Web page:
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    I actually have never seen them eating those shells either, it maybe that they were convenient for “hiding behind”.


    I went back there again yesterday afternoon and I have a bad feeling that all of my friends have gone out to sea to lay their eggs and die. It’s now been 2 weeks without seeing any sign of them being there, no empty shells … no Chitton carcasses, nothing.

    Heres a picture of one of the rock pools, the blury spots are from water on the lens. haggs

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  13. DWhatley

    DWhatley Cthulhu Staff Member Moderator

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    I hope your buddies children find your wonderful spot (one of my Mercatoris - dwarf Caribbean species - took her mother's den, mated and brooded there). How big is that "tide pool"? It looks huge and ohhhh so inviting. Can you reach it from land? (In the keys there are lots of shallows far out from land but I know nothing of Australia's water depths). Also, it is always warmer than the surrounding ocean?

    Humm, I wonder if OhToo would eat Chitons. What kind of food do you offer and how do you offer it to them? I have only had the opportunity to see one octo in the wild (last summer) and it didn't cross my mind to attempt to find something to offer (all I could think about was getting a decent photo - 48 trys 4 decent pics after adjustments :grin:)

    It is interesting to see that brown stripe that runs in front of the eye and likely behind as well as the brown triangle between the eyes. Hummelincki also shows the stripe pattern (and the eye camoflage) and I was noticing and commenting on the triangle tonight (I had not seen it on my prior Hummelincki). I wonder if these are typical markings of many octos or if there is a close relationship. About how large would you guess the mantle (above the eyes to the back of the body) was on this one? Also, can you approximate arm length to mantle length? From someone elses guessed Marginaris, the size and basic coloring is similar to the Hummelincki (small but not dwarf).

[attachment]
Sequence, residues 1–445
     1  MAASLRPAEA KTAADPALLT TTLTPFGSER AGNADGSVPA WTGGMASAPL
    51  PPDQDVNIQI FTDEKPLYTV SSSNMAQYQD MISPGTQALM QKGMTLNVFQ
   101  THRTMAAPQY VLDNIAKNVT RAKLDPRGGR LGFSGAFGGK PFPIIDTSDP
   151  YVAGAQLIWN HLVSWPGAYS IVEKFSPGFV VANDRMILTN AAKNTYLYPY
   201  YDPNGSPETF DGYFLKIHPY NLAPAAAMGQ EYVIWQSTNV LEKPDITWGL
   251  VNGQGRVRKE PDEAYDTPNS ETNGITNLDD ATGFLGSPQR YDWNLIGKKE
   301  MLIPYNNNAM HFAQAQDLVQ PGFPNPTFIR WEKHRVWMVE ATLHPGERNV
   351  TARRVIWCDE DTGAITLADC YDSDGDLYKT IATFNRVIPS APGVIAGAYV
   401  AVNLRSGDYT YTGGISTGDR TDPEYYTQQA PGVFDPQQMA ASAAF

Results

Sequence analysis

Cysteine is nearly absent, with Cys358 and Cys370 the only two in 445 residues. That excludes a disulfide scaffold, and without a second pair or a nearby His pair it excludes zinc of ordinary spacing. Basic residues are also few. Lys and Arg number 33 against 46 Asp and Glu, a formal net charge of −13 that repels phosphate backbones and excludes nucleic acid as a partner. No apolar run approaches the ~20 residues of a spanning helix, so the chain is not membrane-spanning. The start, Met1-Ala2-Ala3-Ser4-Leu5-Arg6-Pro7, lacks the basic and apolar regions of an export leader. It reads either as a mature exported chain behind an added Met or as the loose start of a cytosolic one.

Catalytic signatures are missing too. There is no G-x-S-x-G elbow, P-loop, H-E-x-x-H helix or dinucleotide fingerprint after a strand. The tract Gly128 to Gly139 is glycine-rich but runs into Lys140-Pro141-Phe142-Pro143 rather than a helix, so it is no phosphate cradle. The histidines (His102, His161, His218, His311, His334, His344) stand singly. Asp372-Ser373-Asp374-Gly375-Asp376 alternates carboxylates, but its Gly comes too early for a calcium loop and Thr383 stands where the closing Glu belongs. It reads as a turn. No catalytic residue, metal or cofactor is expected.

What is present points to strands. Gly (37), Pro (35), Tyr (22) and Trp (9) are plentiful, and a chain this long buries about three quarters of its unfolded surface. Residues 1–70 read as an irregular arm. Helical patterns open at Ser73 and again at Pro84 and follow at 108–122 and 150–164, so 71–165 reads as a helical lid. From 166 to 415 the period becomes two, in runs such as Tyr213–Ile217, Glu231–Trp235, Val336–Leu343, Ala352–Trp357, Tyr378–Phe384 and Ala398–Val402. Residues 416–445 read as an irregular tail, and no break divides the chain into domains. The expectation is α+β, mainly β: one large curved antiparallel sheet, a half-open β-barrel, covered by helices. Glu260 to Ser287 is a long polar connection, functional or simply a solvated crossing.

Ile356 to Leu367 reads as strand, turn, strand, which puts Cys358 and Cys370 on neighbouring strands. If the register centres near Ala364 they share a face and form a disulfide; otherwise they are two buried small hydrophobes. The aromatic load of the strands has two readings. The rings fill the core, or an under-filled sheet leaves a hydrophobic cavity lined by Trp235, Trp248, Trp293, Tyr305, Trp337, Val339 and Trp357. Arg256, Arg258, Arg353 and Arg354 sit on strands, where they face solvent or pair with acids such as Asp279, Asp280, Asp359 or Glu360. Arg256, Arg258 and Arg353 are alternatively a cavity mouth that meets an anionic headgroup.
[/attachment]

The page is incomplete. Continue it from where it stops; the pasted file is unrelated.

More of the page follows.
Now I am anxious to try out my birthday present (housing) with my Xmas present (G9), of course it still takes a good photographer but I am encouraged!
     
  14. haggs

    haggs Vampyroteuthis Supporter

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    Sorry for not mentioning the size of the pool, I had a visitor and just posted it then realized what I had forgotten.

    This particular pool is close to 5mtrs left to right and about 7mtrs from the camera fowards, there is aalso another channel the runs off to the left out of the image that would add anther metre or 2 to the width. At the moment its only about 1 mtr deep due to some rough sea that has filled it with sand, normally it's a bit deeper.

    The island itself is only 80mtrs or so off the beach, due to the high tide you need to swim that at most low tides you can walk in up to waste deep. Summer time it can be up to 5 degrees warmer than the ocean especially if we have several days of calm seas. Ohhh... and Monday afternoon it was about 21 degrees and ever so nice....haha.

    I don't normally make a habit of feeding them, however it's more what I have found outside their lairs, it has taken along time to figure out what these little blue moon shaped shells were from. Until about a month ago it must have just disgarded the Chiton body and it was still intact and hey presto I knew what it was.